Zvánovec, in contrast, focuses on comparing the ÚMŠ and DSV under imperial Austria. Emphasizing their competition and mutual copying, as well as Austria’s liberal constitution and policy of national equality of rights, he concludes that the Czech School Association fared better than the German one. In explaining this differentiation, he highlights historical and structural factors: the democratizing spirit of the era, for example, the more ethnic and egalitarian ethos of the Czech movement, its tighter geographical concentration, and its more uniformly Catholic and non-Jewish composition. Disagreeing with Czech activists of the time and with Czech historians more recently, Zvánovec adjudges the ÚMŠ “economically stronger, socially more credible, and politically much more integrative than its German counterpart” (p. 188).

Zvánovec also takes issue with “the accentuation of the latest historiography on national indifference.” It can contribute to a “mirrored or homogeneous understanding of ‘national activists’ of various ethnic groups,” he contends, which he aims to counter with “a richly nuanced and faceted depiction” (p. 187). In studies of national indifference, “differences between the actors of nationalization necessarily yield to the tension between national activism […] and national indifference” (p. 12). Because Zvánovec’s book is “far more focused on differences in the dynamic of formation and positioning of German and Czech nationalism,” it “must partly set aside the tension between ‘national activists’ and ‘national indifference’” (pp. 12, 8).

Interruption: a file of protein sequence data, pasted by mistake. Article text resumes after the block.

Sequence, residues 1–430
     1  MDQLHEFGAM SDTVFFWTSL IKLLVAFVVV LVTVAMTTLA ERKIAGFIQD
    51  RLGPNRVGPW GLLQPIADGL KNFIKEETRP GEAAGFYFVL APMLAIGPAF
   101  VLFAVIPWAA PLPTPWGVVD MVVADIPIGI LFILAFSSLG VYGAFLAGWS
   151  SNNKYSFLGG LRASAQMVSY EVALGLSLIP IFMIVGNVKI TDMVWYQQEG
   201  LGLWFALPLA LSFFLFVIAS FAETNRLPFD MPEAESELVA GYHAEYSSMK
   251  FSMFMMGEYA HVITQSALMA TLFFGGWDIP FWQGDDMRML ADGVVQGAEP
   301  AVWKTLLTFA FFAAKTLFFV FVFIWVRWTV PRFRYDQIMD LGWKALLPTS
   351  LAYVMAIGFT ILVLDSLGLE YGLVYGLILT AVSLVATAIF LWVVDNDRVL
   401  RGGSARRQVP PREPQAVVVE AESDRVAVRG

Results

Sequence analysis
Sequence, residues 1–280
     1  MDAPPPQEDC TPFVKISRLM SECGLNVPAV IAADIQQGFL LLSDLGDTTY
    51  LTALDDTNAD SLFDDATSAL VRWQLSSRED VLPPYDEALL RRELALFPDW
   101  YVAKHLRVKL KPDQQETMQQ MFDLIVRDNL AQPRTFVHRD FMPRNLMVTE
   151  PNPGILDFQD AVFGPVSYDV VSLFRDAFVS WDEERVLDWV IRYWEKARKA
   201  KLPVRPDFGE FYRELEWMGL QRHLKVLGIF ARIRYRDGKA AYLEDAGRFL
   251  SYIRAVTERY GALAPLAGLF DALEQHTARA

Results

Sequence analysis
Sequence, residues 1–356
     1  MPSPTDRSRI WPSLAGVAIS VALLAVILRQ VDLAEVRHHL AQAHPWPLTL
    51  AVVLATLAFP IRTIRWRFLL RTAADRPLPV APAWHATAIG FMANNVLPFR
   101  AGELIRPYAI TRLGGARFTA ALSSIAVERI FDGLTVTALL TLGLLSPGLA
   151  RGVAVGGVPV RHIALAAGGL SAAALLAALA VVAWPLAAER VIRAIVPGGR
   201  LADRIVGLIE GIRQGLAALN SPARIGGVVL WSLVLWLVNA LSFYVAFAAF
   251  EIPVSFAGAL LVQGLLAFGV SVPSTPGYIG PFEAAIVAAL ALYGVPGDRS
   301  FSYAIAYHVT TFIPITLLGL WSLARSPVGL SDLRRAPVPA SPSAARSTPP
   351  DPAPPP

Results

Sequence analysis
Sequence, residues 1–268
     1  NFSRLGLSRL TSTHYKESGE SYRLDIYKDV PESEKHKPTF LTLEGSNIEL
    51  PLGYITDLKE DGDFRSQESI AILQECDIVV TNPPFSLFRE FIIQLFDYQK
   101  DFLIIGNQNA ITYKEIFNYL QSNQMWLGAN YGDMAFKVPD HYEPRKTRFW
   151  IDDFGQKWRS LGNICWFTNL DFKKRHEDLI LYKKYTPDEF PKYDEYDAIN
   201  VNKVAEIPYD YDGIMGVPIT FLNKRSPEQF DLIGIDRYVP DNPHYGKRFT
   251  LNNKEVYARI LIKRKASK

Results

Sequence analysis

Zvánovec’s criticism is too short and shorn of evidence to convince me. Do Zahra and Judson misrepresent the Czech and German movements as identical twins? Is such distortion “necessarily” a by-product of their approach—which Zvánovec credits with opening a “hitherto little treated field of research” (p. 3)? Must or should one “partly set aside” national indifference in order “not to downplay the central differences of framing circumstances for the two Central European national movements” (p. 8)?